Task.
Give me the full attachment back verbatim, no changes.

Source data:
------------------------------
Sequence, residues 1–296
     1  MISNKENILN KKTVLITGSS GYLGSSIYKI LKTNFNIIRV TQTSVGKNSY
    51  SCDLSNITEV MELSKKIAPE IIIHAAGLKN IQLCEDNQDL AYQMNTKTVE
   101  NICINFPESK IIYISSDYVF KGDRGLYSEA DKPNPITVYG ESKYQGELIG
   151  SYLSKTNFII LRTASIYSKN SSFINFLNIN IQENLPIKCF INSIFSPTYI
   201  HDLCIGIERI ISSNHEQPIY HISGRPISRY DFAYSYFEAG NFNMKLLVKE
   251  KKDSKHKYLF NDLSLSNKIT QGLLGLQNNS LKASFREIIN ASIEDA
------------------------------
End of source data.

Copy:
Sequence, residues 1–296
     1  MISNKENILN KKTVLITGSS GYLGSSIYKI LKTNFNIIRV TQTSVGKNSY
    51  SCDLSNITEV MELSKKIAPE IIIHAAGLKN IQLCEDNQDL AYQMNTKTVE
   101  NICINFPESK IIYISSDYVF KGDRGLYSEA DKPNPITVYG ESKYQGELIG
   151  SYLSKTNFII LRTASIYSKN SSFINFLNIN IQENLPIKCF INSIFSPTYI
   201  HDLCIGIERI ISSNHEQPIY HISGRPISRY DFAYSYFEAG NFNMKLLVKE
   251  KKDSKHKYLF NDLSLSNKIT QGLLGLQNNS LKASFREIIN ASIEDA